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Past and present of the “pensione” Annalena in Florence

Past and present of the “pensione” Annalena in Florence

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The story of Annalena (an orphan aristocrat adopted by Cosme de ‘Medici) and her palace is told in Niccolò Machiavelli´s Florentine Stories at the beginning of the 16th century. Her palace of Via Romana (a few steps from the Palazzo Pitti) was Cosme´s gift as she married Baldaccio di Bicci de ‘Medici. After Bicci´s murder, Annalena converted the building into a convent, to become later a casino, a luxury brothel, and finally, in 1919, a boarding house. Since then, it’s been the favourite of foreign travellers, musicians, poets, artists and actors, as Annalena displays through the furniture its splendid and decadent past. The Nobel Prize for literature Eugenio Montale used to stay here in the 30s; he shared “his room” with his lover when attending occasional meetings at the Crusca Academy in Florence. Prices depend on the season, so one double room with terrace could cost between 60 and 140 euros.
Hotel Annalena – Via Romana, 34, Florence, 50125, Italy

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Forte di Belvedere: refuge of the Medici and viewpoint of Florence

Forte di Belvedere: refuge of the Medici and viewpoint of Florence

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Built at the end of the 16th century by order of Fernando I de’ Medici, Forte Belvedere is the common name of the fortress of Santa Maria in San Giorgio del Belvedere, one of the two fortresses of Florence. This building is also a popular panoramic viewpoint and a valuable architectural site of the city. The final move of the grand ducal court from the Palazzo Vecchio to the Palazzo Pitti undoubtedly influenced the decision to build the new fortress, near the wall surrounding the Boboli gardens adjacent to the Pitti Palace. In case of any danger, the prince and the court could quickly reach a fortified refuge from which they could still rule the city.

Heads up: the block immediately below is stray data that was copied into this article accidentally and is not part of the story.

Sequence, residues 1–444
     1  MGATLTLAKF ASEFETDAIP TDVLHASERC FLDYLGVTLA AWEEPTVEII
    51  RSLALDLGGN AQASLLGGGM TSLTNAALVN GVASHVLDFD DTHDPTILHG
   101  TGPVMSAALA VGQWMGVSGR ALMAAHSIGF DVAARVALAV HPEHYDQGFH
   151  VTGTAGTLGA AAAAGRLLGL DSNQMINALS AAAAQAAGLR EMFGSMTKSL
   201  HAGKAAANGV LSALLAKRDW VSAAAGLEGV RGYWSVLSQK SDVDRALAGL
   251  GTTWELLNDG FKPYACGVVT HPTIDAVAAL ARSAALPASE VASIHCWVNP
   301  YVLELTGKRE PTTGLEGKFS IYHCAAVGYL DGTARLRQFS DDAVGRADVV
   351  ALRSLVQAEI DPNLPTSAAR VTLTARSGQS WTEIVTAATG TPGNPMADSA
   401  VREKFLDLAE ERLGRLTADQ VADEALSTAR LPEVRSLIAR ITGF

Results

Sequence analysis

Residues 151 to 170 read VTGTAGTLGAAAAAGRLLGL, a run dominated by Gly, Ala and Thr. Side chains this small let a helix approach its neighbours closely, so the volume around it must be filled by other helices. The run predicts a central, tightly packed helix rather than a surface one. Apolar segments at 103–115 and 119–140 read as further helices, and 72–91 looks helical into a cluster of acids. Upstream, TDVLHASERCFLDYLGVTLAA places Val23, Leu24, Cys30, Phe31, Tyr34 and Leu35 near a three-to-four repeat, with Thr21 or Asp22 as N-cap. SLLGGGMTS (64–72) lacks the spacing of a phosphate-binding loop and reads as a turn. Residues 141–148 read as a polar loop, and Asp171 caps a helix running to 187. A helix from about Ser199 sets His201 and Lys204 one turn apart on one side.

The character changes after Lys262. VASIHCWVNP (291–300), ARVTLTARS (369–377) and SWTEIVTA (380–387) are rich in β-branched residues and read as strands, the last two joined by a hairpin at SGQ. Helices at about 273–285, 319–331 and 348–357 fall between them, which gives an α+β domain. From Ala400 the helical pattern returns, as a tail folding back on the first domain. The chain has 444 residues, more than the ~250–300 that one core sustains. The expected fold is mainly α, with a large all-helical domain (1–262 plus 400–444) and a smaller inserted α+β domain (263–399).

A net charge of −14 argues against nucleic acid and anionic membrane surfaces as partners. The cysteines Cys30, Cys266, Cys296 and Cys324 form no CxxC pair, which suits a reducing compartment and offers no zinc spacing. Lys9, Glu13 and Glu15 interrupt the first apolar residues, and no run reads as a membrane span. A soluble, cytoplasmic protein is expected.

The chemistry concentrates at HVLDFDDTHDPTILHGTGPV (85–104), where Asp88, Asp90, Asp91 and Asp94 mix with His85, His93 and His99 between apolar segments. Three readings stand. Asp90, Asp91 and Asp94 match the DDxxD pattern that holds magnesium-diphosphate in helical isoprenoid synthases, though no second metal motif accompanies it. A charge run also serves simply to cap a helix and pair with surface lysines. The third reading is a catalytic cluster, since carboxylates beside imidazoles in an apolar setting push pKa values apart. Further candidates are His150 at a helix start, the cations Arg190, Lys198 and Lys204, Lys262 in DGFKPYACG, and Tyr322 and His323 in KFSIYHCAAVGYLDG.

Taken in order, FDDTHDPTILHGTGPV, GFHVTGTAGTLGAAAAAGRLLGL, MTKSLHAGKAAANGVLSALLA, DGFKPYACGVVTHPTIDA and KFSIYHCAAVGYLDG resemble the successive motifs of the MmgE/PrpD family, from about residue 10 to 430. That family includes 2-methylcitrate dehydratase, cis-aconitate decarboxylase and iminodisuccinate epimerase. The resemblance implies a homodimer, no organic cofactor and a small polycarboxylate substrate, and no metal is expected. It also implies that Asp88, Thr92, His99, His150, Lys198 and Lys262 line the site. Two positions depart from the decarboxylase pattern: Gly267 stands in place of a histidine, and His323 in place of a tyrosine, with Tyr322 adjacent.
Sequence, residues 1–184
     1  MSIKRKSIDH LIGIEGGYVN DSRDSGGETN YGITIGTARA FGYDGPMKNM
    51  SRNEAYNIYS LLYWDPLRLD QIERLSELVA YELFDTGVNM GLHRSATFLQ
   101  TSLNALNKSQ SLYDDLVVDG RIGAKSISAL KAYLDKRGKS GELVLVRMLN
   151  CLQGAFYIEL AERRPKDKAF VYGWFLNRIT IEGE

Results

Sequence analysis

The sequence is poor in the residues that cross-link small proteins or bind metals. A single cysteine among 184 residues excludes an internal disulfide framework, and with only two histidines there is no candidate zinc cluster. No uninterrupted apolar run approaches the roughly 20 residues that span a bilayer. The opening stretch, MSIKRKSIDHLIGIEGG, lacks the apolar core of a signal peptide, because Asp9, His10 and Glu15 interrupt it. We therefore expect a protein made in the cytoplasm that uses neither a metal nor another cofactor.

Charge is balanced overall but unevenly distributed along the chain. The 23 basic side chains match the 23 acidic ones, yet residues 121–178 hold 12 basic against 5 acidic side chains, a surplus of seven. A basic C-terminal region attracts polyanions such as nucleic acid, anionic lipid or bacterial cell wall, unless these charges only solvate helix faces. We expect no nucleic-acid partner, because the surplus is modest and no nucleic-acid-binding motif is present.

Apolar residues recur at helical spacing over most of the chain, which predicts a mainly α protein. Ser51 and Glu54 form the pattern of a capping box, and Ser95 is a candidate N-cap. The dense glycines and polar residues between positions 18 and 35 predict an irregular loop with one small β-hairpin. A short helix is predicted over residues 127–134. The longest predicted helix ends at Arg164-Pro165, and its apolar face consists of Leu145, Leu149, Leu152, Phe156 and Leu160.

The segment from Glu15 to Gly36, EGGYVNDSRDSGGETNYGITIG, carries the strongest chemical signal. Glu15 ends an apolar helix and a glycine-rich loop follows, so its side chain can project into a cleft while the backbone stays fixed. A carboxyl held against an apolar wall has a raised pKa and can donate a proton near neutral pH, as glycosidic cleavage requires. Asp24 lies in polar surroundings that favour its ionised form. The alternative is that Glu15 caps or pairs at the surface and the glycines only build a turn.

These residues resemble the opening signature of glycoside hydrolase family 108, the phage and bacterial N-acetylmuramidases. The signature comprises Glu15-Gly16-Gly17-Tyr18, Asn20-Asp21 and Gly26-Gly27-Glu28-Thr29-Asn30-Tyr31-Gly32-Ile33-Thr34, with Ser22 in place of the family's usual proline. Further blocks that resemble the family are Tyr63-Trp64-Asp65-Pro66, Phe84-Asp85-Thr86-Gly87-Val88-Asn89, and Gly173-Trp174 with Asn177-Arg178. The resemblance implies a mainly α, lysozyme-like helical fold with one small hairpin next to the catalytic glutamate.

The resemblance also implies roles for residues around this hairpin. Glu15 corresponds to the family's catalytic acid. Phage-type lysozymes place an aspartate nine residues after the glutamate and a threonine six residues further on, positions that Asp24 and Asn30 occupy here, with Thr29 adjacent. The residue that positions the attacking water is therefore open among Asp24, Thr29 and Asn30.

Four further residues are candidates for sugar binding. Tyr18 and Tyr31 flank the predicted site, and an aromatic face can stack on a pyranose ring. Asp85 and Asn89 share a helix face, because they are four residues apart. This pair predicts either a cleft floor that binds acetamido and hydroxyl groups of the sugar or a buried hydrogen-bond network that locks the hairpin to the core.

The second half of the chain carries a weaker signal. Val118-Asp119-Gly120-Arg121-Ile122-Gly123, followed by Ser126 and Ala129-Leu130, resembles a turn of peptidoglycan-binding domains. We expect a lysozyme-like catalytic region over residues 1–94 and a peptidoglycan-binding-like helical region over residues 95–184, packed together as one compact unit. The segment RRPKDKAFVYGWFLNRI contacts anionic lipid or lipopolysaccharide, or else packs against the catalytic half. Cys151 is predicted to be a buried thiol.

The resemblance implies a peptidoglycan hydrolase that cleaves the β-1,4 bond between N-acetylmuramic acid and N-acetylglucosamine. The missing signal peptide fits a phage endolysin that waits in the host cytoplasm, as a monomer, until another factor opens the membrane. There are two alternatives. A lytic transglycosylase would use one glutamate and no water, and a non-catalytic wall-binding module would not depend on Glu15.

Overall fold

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The ubiquitous Medici escutcheon

The ubiquitous Medici escutcheon

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Contrary to the legend, the surname Medici has nothing to do with medical ancestors in the family, but with their move from the region of Mugello to Florence, back in the thirteen century, abandoning agriculture to devote themselves to financial life. The six red balls on the golden field of the coat of arms are not pills but bezants, a unit of weight from the Byzantine era used by merchants and medieval bankers to count. The mythical escutcheon is easily recognizable in any corner of Florence and when least expected.…